US report highlights Indonesia's poor law enforcement

Despite progress as one of the world’s biggest democracies, Indonesia’s law enforcement is still substandard and rampant with human rights violations, a report by the US government states.

Released on Thursday, the 2014 US Department of State’s Country Reports on Human Rights Practices highlighted the Indonesian government’s failures in conducting transparent public investigations into some allegations of unjustified killings, torture and abuses by security forces.

The report mentioned a number of examples, including the 2013 killing of pro-independence campaigners at a prayer service and flag raising ceremony in Sorong, West Papua, which allegedly involved security forces.

Another case mentioned in the report involved the murders of three individuals during the forced dissolution of the Third Papuan People’s Congress. The case remains unsolved with no officials held accountable for the crimes.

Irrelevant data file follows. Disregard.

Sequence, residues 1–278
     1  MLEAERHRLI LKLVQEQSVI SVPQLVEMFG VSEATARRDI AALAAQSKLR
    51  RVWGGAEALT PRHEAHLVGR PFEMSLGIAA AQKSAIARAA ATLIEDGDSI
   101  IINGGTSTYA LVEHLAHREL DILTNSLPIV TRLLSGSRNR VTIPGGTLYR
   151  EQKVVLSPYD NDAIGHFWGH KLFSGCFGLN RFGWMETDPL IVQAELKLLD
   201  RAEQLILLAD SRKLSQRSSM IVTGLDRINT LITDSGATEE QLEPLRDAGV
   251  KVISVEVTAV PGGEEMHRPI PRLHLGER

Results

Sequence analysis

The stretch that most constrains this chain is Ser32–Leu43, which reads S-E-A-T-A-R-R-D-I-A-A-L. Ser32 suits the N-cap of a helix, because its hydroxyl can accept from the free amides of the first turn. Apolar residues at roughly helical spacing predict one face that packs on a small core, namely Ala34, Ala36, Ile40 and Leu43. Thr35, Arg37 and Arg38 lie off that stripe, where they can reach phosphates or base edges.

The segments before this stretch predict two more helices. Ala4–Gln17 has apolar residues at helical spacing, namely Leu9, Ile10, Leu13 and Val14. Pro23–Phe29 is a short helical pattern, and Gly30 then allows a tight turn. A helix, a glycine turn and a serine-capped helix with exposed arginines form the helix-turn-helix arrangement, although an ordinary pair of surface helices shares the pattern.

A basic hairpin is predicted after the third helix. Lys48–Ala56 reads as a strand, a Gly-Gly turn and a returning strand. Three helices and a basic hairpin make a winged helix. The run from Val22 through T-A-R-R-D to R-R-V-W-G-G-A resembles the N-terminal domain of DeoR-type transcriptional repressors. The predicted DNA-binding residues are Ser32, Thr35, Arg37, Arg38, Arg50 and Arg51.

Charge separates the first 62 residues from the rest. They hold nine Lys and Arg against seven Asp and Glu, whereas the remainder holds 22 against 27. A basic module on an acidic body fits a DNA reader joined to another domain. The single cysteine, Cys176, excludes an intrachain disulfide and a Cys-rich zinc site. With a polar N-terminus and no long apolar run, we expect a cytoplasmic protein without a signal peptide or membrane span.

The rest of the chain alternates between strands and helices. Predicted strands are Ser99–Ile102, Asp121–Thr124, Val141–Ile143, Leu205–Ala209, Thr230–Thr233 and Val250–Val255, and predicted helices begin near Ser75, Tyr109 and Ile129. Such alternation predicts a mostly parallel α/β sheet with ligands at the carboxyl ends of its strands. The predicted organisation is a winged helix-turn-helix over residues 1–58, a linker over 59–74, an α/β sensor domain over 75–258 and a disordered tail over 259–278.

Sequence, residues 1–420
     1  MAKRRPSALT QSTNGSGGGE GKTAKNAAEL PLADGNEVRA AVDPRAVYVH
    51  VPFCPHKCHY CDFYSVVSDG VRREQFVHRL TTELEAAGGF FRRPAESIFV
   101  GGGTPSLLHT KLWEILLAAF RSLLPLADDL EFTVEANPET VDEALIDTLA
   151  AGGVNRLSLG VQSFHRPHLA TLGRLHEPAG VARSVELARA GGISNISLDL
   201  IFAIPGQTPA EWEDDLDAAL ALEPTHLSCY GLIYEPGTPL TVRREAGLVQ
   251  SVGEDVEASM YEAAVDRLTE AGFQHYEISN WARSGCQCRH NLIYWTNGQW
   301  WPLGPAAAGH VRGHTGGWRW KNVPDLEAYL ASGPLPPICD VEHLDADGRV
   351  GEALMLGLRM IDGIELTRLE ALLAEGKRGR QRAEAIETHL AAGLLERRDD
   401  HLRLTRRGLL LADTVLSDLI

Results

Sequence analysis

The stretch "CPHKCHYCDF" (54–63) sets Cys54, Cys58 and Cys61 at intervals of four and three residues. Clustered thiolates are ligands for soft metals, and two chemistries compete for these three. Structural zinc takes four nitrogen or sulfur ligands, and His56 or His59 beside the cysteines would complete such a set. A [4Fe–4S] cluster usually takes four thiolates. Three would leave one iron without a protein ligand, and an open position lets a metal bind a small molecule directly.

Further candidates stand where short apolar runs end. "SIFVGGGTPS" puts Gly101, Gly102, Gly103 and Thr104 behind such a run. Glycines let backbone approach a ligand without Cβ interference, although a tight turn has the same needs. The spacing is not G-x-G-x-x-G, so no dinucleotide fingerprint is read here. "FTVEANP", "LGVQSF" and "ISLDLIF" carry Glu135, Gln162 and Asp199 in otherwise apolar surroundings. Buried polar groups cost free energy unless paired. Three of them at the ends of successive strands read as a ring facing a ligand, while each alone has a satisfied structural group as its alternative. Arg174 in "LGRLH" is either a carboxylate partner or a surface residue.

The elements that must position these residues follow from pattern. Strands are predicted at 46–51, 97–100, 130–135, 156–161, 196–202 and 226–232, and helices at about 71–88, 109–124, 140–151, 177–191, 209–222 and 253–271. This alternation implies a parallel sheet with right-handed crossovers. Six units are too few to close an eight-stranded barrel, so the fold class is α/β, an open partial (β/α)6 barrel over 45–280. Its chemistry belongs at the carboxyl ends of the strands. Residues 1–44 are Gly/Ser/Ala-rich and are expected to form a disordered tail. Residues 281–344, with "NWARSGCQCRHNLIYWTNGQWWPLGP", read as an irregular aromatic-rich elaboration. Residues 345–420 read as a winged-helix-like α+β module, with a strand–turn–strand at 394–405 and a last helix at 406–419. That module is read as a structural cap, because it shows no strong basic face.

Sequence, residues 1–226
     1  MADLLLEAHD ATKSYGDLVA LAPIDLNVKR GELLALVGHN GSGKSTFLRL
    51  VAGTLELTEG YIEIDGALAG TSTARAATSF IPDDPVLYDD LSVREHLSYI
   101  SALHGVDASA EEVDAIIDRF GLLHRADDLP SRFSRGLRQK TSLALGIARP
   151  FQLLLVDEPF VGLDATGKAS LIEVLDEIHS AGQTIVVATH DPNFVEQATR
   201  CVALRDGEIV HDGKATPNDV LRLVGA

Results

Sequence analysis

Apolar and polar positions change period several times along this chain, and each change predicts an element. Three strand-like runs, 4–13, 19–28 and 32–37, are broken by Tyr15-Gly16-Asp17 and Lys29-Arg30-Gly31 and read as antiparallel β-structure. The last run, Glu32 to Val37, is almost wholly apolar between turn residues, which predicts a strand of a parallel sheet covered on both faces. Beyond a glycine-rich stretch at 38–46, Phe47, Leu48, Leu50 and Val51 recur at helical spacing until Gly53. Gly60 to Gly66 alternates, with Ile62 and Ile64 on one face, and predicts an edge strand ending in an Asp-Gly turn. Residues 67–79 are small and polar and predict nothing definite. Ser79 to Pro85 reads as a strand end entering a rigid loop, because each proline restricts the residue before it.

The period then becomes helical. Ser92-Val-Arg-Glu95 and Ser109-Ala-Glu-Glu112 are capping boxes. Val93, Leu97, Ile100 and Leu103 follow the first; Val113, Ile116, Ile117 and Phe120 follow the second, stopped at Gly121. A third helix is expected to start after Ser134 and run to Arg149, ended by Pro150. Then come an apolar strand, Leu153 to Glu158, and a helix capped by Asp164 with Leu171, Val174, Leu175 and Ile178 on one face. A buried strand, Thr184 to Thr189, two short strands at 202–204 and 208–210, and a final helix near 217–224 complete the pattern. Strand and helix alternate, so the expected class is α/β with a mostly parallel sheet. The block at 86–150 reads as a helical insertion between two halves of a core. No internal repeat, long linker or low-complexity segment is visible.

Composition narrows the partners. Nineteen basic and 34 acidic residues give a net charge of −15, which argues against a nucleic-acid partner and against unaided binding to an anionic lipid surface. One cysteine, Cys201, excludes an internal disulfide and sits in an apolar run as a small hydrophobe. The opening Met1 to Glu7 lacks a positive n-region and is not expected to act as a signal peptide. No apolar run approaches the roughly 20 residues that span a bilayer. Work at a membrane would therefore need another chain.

The report labelled Papua as an area prone to violence, mainly in relation the separatist movement there.

Internal investigators from the Indonesian Military (TNI) and the National Police were also criticised in the report for rarely disclosing the findings of internal investigations into crimes committed by military personnel and police.

Another issue highlighted in the report is the rampant use of torture by officers in the investigation process, and also cases of abduction.

The Commission for Missing Persons and Victims of Violence (Kontras) reported that it had received 108 reports of torture between July 2013 and July 2014 with a high proportion of these cases allegedly involving police officers.

This report will be used by the Department of State and other US government agencies as a guide for American foreign police. US congress will also use the report to determine the allocation of foreign aid and security sector assistance.

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